Dent was able to determine that ERBB1/2/4 inhibitors could increase the effectiveness of the combination therapy by using a novel technology called a multiplex assay. The multiplex assay is a broad, unbiased screening approach that allows researchers to simultaneously examine the levels of multiple hormones in the blood and determine the activities of enzymes in cancer cells. Using this technology, the researchers discovered that the enzyme ERBB1 was activated in response to the pemetrexed and sorafenib therapy.

“Unlike alternative methods where a certain degree of guesswork is required, the multiplex assay allowed us to observe exactly how the cancer cells responded to therapy,” said Dent. “We were surprised to see that the enzyme ERBB1 was activated because it is ordinarily thought to protect cancer cells from chemotherapy. We went on to successfully use ERBB1/2/4 inhibitors as our third drug because of this unexpected data.”

The multiplex assay provided Dent’s team with such invaluable additional information about how the sorafenib and pemetrexed combination worked in the mouse models that they will now be using the assay in several of their clinical trials moving forward, including the new phase 2 trial of pemetrexed and sorafenib.

“The multiplex assay will allow us to track specific levels of hormones in the blood as patients undergo treatment, which could potentially give us a molecular ‘fingerprint’ of the point at which tumors develop resistance to the therapy,” said Dent. “Ongoing preclinical experiments show that it could be possible to pinpoint exactly how the cancer cells are developing resistance to therapies, which might eventually allow oncologists to develop in real time a personalized therapy designed to overcome drug resistance in an individual patient’s tumor.”

In addition to Moran, Poklepovic and Dent collaborated on these studies with Sarah Gordon, D.O., fellow in the Department of Internal Medicine at the VCU School of Medicine; Danielle Shafer, D.O., medical director of Massey’s Clinical Trials Office, medical oncologist and member of the Developmental Therapeutics research program at VCU Massey; Charles Geyer, M.D, associate director of clinical research, the Harrison, Haw, Luck Families Chair in Cancer Research, medical oncologist and member of the Developmental Therapeutics research program at VCU Massey; William McGuire, M.D., director of the Phase 1 Solid Tumor Program, medical oncologist and member of the Developmental Therapeutics research program at VCU Massey; Mary Beth Tombes, Ellen Shrader and Katie Strickler, all clinical research nurses at VCU Massey; Maria Quigley; Wen Wan, M.D., Ph.D., member of the Developmental Therapeutics research program at VCU Massey; Maciej Kmieciak, Ph.D., assistant director for the Translational and Clinical Research Laboratory at VCU Massey; H. Davis Massey, Ph.D., associate professor in the Department of Pathology at the VCU School of Medicine; Laurence Booth, Ph.D., Mehrad Tavallai, Ph.D., and Jane Roberts, Ph.D., all from the Department of Biochemistry and Molecular Biology at the VCU School of Medicine; John Chuckalovcak, Ph.D., and Daniel Stringer, Ph.D., both from BioRad Laboratories in Hercules, California; Antonis Koromilas, Ph.D., from the Lady Davis Institute for Medical Research in Montreal, Canada; David Boone, Ph.D., from Indiana University School of Medicine-South Bend in South Bend, IN; Prithviraj Bose, M.D., a former medical oncologist at Massey now at MD Anderson Cancer Center in Houston, Texas; and John Roberts, M.D., a former medical oncologist at Massey now at the Yale School of Medicine.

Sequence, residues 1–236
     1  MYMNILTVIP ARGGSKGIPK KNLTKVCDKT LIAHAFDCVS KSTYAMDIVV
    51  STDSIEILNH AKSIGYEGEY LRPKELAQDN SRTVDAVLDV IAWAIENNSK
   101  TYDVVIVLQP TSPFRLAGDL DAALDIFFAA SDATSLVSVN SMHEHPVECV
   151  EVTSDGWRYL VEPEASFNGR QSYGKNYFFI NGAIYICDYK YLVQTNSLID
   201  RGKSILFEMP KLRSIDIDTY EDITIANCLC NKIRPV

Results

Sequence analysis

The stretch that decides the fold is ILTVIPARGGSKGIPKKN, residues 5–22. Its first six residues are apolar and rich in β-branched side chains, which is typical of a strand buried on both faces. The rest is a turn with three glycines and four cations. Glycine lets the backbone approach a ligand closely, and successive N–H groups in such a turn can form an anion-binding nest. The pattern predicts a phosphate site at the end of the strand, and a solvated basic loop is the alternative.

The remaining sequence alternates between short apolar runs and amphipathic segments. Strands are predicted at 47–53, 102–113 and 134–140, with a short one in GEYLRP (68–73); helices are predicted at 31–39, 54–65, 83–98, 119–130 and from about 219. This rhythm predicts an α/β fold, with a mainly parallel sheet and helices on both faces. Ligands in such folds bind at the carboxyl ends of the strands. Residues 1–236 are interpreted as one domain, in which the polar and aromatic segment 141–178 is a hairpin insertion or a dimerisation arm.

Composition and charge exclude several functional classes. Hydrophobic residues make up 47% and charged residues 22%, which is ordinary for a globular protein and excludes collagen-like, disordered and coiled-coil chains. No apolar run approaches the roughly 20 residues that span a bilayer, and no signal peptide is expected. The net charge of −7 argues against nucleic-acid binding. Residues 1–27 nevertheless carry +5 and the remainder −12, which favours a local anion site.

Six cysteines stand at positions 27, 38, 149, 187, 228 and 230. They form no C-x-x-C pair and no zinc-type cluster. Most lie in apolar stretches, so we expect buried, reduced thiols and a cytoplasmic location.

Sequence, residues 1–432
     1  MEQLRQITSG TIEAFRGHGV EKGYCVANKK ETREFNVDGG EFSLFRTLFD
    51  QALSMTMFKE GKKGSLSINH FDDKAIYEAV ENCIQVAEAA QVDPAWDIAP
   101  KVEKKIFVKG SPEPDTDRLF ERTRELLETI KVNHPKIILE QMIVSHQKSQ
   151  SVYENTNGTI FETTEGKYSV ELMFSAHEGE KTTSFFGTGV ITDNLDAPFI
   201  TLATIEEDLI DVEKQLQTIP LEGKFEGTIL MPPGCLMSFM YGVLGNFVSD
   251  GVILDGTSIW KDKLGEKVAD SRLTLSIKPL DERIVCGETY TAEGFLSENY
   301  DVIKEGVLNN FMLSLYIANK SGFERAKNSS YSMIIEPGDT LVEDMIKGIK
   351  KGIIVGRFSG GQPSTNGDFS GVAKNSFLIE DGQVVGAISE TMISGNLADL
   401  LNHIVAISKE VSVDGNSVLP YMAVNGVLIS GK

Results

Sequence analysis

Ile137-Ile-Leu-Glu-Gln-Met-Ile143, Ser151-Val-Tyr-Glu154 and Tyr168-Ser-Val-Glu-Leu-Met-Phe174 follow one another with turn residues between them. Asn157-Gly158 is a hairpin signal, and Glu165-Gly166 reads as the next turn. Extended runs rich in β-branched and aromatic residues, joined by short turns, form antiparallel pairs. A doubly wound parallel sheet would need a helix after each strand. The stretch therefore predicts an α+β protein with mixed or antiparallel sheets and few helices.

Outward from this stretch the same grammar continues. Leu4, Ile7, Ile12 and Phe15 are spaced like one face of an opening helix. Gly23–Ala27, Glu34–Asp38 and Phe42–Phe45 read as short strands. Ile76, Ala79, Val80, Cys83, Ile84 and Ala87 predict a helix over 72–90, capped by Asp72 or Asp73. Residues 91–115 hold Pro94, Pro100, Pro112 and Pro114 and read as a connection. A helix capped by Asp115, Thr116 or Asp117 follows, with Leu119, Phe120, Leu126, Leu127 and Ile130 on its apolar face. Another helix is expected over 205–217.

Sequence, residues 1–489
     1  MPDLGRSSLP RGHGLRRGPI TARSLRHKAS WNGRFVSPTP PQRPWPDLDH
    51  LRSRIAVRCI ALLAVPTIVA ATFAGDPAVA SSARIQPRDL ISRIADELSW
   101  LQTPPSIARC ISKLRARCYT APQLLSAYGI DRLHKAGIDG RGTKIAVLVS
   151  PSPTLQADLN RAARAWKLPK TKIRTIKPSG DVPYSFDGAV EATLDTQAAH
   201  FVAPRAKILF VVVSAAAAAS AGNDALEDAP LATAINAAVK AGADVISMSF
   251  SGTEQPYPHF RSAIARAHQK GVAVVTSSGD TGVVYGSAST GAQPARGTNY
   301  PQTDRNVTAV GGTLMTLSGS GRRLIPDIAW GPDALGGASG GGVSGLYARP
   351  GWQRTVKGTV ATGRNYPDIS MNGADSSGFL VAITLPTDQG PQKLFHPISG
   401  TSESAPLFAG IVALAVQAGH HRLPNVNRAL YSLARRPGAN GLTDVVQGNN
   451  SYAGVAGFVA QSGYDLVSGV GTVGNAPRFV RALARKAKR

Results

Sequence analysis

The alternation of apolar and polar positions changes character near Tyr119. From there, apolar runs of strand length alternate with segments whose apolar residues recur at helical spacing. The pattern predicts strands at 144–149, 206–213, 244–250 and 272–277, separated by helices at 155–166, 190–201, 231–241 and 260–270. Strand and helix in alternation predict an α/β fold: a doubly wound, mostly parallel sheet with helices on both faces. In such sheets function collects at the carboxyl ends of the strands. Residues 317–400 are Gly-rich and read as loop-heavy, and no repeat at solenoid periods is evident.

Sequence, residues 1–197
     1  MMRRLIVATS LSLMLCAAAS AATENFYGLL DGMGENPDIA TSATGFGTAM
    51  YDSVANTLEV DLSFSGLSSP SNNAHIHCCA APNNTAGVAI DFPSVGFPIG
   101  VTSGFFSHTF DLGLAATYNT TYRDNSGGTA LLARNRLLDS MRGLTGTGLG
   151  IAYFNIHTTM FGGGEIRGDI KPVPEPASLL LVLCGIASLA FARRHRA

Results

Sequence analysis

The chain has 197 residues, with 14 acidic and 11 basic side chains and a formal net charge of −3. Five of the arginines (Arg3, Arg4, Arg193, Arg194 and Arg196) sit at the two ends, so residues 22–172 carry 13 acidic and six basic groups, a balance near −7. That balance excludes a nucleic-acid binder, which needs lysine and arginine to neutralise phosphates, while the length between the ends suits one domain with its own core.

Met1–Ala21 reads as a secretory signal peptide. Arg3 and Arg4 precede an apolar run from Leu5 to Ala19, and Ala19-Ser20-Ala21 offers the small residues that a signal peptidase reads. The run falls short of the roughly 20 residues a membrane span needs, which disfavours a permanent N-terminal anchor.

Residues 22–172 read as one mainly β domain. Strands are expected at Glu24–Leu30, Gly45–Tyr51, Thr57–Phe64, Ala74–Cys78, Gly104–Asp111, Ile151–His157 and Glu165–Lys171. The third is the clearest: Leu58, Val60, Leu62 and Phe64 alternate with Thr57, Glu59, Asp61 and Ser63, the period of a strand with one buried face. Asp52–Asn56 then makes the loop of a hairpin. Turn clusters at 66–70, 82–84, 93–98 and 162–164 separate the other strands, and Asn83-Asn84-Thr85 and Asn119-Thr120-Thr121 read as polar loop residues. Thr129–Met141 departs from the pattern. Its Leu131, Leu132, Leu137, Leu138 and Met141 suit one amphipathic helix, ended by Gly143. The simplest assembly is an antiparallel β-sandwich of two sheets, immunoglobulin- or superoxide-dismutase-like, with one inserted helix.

These studies were supported by National Institutes of Health (NIH) grants UL1TR000058, R01CA192613, R01DK52825, R01CA141703, R01CA150214 and R01CA140416; Canadian Institutes of Health Research grant CIHR MOP no. 38160; and, in part, by VCU Massey Cancer Center’s National Cancer Institute Cancer Center Support Grant P30CA016059.